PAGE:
I enter BATS Theatre’s Dome to a beautiful image. White-fabric drapes frame the stage (set by Scott Maxim), projection of falling feathers colours the stage (AV Design by Rebekah de Roo) and in the centre of it all a warm glow lights (Jacob Banks) our titular character. Wendy (Prea Millar) sits singing along to the pre-show music, sewing feathers onto wings. The lights dim and Wendy looks at us with an innocent “what are you looking at?” stare. The show has begun.
Wendybird canvasses lots of content all surrounding the growing pains of young women and girls. The expectations of being a “young lady”, first crushes, body change, masturbation, unrequited love, whether or not having babies is good, being sick of the box the world puts you in. It’s all here. I’ve seen a heap of feminist theatre over the last 5 years – much of it on this very stage – and the thing that makes Wendybird unique is its child-like play and the familiarity of the fictional world in which it is set. The first half of the show leans hard on this premise and is effective and well received, with Millar often winking to the crowd and letting us in on the joke.
We see mock-sword fighting, hand puppets, pirate seductions and some hide-and-seek amongst the set. It is in these comfortable conventions and childish forms, that I feel the show is at its best. Nostalgic giggles ripple through the audience while we are simultaneously aware of the underlying tension of a girl trying to find her place in a world that doesn’t really want her. Peter Pan doesn’t have to grow up, but Wendy does and she is NOT stoked about it.
Just as the show is hitting its straps, these conventions start to fade away and by the end of the show we have almost left Neverland behind altogether. While this could be an intentional parallel to Wendy’s journey being forced back home, I find that it’s to the theatrical detriment of the show. At times we lose any sense of Wendy, and I feel that we are watching Millar monologue on her own existence. That is a show I would watch by the way. Millar’s writing is full of pace and poetry and her performance is a perfect balance of earnest, cheeky and just a little pained. For me, it just isn’t the show that’s been set up. These feel like two halves of different shows. The first a unique, fantastical feminist take on a well-known story, the second an autobiographical solo debut. I’d urge Millar to continue developing the work and to start by identifying exactly what she wants the show to be.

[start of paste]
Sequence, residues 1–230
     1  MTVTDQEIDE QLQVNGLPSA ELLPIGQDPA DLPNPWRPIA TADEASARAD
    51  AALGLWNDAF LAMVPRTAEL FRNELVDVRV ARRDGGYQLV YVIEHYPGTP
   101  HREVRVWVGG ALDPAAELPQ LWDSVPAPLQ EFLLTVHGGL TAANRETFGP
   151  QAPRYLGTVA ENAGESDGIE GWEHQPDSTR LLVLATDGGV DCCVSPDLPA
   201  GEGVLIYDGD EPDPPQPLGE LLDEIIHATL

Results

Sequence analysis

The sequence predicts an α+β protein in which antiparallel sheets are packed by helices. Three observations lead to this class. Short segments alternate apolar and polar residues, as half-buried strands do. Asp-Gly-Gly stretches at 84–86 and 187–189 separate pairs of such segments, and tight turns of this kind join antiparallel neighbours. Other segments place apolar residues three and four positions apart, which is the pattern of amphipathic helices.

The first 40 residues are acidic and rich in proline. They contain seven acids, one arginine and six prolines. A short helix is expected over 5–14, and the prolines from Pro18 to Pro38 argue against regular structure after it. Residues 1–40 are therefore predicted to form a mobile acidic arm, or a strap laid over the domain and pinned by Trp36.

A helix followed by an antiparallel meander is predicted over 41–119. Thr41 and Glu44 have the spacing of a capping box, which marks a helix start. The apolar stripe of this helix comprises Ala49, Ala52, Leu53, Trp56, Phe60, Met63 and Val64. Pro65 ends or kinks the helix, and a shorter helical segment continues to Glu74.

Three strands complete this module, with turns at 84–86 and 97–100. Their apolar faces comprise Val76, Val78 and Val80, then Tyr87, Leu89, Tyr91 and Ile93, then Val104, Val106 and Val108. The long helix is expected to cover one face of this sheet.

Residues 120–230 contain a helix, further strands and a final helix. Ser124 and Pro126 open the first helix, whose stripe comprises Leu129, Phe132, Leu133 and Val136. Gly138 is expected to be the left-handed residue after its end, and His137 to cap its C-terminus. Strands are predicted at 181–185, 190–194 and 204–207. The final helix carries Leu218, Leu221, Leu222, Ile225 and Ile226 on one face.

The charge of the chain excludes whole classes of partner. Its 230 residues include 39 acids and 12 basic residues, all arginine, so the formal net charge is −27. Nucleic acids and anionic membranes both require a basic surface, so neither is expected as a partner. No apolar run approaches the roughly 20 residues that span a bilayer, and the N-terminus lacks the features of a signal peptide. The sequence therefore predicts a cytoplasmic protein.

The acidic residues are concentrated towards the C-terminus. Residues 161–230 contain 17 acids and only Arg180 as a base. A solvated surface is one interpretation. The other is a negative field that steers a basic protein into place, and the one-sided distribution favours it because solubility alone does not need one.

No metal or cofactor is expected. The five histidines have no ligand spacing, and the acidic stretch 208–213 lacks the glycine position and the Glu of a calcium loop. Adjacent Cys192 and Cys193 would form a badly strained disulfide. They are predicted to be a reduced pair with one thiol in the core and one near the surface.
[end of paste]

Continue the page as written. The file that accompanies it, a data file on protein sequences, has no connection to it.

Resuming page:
That said, the execution is pretty flipping excellent. De Roo’s AV design adds a delightful whimsy to the piece. I love the sections in which a silhouetted Peter (Daniel Nodder) appears in projection and dances with Wendy. I’d love more interaction between the performer and the AV in this way! Banks’ lighting design is full of soft blues and purples and finds a perfect balance between bedtime-story warmth and Neverland fantasy colour. Maxim’s set provides a simple but perfect canvas for this work, while Teag Mackay’s sound design adds a magical atmosphere throughout. It’s a strong design showing from a team that is becoming well known for its ability to create a beautiful stage image.
There’s a lot to like about Wendybird and I think it’s well worth a return season with some further development. For me, similarly to Blue Flicker’s 2021 show Big Foot it needs to define exactly what it wants to be and then dive in full force. Zoe Christall’s direction is a soft touch, letting Millar’s script and performance speak for themselves. While I don’t blame Christall given Millar’s obvious talent on show, I think both script and performance could have benefitted from a more thorough working over in the rehearsal room. I don’t think this show has found its peak just yet!
Wendybird has all wrapped up for NZ Fringe 2022 but you can follow Blue Flicker to check out their future work, and I highly suggest that you do!
Author’s note: I must disclose that I know the team behind this production well. Some of us are long time friends and collaborators, and Prea and I have toured work together and brunched heaps. If you have any feedback, or find bias in this review please don’t hesitate to comment or email us at firstname.lastname@example.org. I have done my best to provide a fair and accurate review, and always welcome feedback from our wonderful readers!